The proportion of GCSEs awarded at least a C grade has fallen for the second year running, official figures have revealed.
Just over two-thirds (68.1%) of entries scored A*-C this summer, down 1.3 percentage points from 2012 - the biggest fall in the exam's 25-year history.
The proportion of entries gaining top grades has also fallen by 0.5 percentage points - with 6.8% achieving a coveted A*.
Girls continued to out-perform boys, scoring higher results at A* and A*-C across all subjects.
The dip in national results comes amid major upheaval in the exams system and it is thought that a rise in pupils entering maths GCSE early or multiple times, changes to science GCSEs and an increase in pupils taking international GCSEs (IGCSE) in certain subjects have contributed to the falls in performance.
The latest statistics show a drop in the proportion of entries scoring at least a C in key subjects including English, maths and science.
:: In English, 63.6% of entries gained a C or higher, down from 64.1% last summer.
This comes amid a rise in the number of younger students taking GCSE English, the Joint Council for Qualifications (JCQ) said. This summer there were 61,000 more entries for the subject and of these more than two-fifths (41.9%) were from pupils aged 15.
:: In maths, 57.6% of entries scored an A*-C grade, compared to 58.4% in 2012.
JCQ said there had been "significant early and repeated entries" for maths, with more than half a million entries before the summer exams. While results for 16-year-olds - the age at which pupils usually sit GCSE exams - remained "virtually unchanged", there was a decline in performance among 15-year-olds - those who are taking the exam early.
:: There has been a 7.6 percentage point fall in the proportion of entries awarded a C or higher in GCSE science. It follows a move by Ofqual to toughen up the qualifications after a 2009 report by the regulator found that the courses were too easy. This is the first summer that results have been given for the revamped GCSEs.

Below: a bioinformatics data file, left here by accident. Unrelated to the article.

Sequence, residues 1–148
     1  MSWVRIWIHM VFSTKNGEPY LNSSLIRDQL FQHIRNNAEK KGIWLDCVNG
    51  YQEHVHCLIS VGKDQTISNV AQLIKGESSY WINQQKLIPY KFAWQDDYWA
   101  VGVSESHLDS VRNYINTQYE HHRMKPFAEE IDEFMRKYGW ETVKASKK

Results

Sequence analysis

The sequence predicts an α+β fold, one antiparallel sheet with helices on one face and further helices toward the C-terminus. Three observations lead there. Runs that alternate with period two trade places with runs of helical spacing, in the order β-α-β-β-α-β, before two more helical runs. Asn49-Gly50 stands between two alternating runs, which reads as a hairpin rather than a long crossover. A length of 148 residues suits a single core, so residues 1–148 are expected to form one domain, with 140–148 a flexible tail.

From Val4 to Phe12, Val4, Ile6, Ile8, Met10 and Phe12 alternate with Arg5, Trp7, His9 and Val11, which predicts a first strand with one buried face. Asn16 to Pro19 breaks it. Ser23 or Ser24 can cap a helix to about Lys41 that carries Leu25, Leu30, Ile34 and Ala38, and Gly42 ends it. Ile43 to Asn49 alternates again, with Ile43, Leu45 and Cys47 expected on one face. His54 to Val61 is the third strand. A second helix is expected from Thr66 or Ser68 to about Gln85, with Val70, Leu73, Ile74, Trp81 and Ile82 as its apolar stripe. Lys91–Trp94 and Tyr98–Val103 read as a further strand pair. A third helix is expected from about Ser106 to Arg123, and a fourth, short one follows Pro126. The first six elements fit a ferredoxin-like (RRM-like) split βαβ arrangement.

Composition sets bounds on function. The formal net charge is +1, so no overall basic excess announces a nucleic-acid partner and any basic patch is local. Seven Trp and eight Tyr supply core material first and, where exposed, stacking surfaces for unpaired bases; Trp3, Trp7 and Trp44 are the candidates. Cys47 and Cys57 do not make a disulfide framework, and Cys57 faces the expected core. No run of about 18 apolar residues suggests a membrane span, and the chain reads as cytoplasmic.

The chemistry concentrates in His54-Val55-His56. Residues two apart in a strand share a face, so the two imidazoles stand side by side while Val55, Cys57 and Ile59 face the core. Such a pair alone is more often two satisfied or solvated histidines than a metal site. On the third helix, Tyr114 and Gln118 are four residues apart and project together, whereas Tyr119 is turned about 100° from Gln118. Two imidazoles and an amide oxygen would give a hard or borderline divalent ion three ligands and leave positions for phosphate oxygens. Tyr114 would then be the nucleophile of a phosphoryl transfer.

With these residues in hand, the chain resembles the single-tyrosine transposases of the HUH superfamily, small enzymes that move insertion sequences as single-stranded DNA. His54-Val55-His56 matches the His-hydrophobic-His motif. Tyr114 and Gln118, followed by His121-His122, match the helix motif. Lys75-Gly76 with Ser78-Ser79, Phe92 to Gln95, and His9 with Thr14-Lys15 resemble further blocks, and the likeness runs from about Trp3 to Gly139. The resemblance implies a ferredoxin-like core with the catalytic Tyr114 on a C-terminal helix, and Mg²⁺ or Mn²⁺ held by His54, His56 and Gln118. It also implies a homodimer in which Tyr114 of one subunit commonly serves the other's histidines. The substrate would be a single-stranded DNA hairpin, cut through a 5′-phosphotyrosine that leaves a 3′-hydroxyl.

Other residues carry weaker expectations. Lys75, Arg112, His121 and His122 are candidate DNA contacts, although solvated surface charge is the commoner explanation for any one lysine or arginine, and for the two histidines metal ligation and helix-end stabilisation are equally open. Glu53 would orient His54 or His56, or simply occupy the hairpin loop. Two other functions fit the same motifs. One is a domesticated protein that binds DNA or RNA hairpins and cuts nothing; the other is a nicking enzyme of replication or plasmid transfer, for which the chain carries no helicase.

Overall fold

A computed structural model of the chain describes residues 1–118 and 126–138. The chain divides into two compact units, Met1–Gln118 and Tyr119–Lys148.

More pupils were entered for the three separate sciences - biology, chemistry and physics - but there was also a drop across the board in entries scoring decent grades. In biology, 89.8% of entries got at least a C, down from 92.6% last year, in chemistry 90% of entries scored A*-C, down from 93%, and in physics 90.8% reached this standard, down from 93.2%.
The decline in results for the separate sciences is partly down to bright students switching to IGCSE courses and an increase in the number of 15-year-olds, who tend to perform less well, taking the exams early, JCQ said.
It added that a general trend of more students opting for the three sciences, some of whom will have lower abilities in the subject, may also have had an effect.
:: The results also show a "dramatic" rise in the number of entries for modern foreign languages. French entries are up 15.5%, German up 9.4% and Spanish up 25.8%.
This could be down to the introduction of the Government's English Baccalaureate, which is awarded to pupils who score at least a C at GCSE in English, maths, science, history or geography, and a foreign language.